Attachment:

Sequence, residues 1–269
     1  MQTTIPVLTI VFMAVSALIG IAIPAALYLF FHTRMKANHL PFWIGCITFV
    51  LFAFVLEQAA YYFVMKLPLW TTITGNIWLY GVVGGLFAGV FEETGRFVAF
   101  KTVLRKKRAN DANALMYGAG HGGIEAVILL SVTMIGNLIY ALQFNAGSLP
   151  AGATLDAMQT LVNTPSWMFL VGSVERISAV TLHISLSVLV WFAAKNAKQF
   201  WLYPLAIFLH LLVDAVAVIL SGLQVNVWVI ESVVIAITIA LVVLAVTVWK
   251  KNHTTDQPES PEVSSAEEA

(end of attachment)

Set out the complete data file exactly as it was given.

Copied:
Sequence, residues 1–269
     1  MQTTIPVLTI VFMAVSALIG IAIPAALYLF FHTRMKANHL PFWIGCITFV
    51  LFAFVLEQAA YYFVMKLPLW TTITGNIWLY GVVGGLFAGV FEETGRFVAF
   101  KTVLRKKRAN DANALMYGAG HGGIEAVILL SVTMIGNLIY ALQFNAGSLP
   151  AGATLDAMQT LVNTPSWMFL VGSVERISAV TLHISLSVLV WFAAKNAKQF
   201  WLYPLAIFLH LLVDAVAVIL SGLQVNVWVI ESVVIAITIA LVVLAVTVWK
   251  KNHTTDQPES PEVSSAEEA